U.S. Government’s New Policy May Help Cuban Ballplayers

One of the big questions when Barack Obama talked about softening relations with Cuba was what impact this would have on Cuban ballplayers. After talking to industry sources, some think we already have a new policy that will speed the process for Cuban defectors to become Major League players.

This new policy is online if you want to read the whole thing, but I’ll excerpt the important passages below, with all of this becoming official in the last ten days:

§515.505   Certain Cuban nationals unblocked.
(a) General license unblocking certain persons. The following persons are licensed as unblocked nationals, as that term is defined in §515.307 of this part:

(1) Any individual national of Cuba who:

(2) Any individual national of Cuba who has taken up permanent residence outside of Cuba, provided that the required documentation specified in paragraph (c) of this section is obtained and the individual is not a prohibited official of the Government of Cuba, as defined in §515.337 of this part, or a prohibited member of the Cuban Communist Party, as defined in §515.338 of this part; and

(c) Required documentation. In determining whether an individual national of Cuba qualifies as an unblocked national under paragraph (a)(2) of this section, persons subject to U.S. jurisdiction must obtain evidence demonstrating that the individual satisfies the requirements of that paragraph. Such evidence may include copies of documents issued by government authorities demonstrating citizenship or lawful permanent residence in a third country. These could include, depending on the information provided in the document in question, a passport, voter registration card, permanent resident alien card, national identity card, or other similar documents. Where such documents are unavailable, persons subject to U.S. jurisdiction may also rely on evidence that the individual has been resident for the past two years without interruption in a single country outside of Cuba, or a sworn statement or other evidence that the individual does not intend to, or would not be welcome to, return to Cuba.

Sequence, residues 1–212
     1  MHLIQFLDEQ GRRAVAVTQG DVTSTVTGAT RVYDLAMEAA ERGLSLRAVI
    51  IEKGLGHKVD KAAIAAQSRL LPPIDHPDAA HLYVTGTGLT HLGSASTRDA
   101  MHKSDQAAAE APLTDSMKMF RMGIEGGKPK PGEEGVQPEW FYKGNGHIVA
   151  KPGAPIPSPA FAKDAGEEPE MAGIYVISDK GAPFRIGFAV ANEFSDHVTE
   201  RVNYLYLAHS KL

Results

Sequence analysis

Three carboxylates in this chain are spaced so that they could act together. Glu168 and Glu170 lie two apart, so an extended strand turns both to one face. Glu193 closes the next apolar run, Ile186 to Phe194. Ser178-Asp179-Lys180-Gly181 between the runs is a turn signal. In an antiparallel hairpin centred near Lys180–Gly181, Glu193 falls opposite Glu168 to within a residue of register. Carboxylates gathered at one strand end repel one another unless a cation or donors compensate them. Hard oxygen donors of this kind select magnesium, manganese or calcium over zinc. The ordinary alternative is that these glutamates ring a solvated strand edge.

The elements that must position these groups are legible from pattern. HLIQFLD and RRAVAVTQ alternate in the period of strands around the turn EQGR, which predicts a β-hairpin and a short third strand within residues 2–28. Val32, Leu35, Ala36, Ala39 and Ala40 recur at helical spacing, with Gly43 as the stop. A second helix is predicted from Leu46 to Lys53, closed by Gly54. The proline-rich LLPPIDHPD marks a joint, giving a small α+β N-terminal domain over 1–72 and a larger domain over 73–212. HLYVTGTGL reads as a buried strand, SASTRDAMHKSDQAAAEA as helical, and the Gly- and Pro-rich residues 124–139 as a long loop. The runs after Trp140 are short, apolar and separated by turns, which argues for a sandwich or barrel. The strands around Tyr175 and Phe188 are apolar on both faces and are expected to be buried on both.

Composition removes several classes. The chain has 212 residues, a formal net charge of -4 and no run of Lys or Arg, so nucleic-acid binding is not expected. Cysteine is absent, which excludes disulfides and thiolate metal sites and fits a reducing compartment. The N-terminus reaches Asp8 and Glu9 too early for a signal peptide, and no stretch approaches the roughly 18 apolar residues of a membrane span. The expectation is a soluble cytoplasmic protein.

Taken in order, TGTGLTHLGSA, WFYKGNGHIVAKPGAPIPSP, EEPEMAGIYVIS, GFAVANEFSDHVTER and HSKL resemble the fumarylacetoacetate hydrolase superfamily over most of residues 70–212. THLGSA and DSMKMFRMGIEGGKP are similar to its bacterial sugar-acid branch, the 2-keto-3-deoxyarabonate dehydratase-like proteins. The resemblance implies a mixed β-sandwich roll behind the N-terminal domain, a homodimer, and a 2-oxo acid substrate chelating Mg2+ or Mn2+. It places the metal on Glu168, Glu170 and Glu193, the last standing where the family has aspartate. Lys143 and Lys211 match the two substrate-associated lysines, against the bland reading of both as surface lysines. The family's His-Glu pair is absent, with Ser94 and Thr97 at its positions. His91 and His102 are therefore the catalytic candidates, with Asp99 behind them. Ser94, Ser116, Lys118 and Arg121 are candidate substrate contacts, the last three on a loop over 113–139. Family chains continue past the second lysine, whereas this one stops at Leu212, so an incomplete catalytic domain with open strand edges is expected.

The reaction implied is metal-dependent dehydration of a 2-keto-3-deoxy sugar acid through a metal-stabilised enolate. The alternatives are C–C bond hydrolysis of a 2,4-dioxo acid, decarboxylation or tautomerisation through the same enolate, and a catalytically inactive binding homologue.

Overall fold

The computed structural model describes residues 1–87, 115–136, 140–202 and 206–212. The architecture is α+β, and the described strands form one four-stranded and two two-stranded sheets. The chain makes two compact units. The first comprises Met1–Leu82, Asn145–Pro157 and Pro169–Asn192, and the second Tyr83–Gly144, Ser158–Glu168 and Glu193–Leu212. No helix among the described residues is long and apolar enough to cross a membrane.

I put in the ellipsis where I skipped a couple sections, but you can go to the above link for the full context of this excerpts.

The (2) and (c) sections are the parts of this policy that appear to be different than the previous policy. In the points under section (1) (which I edited out), it details the typical process that Cuban players go through with the government. The full process in layman’s terms, including MLB’s involvement, is:

1. Defect from Cuba
2. Establish residency in a third (usually Latin) country: takes weeks after defecting, normally
3. Be declared a free agent by MLB: take weeks after residency is established, normally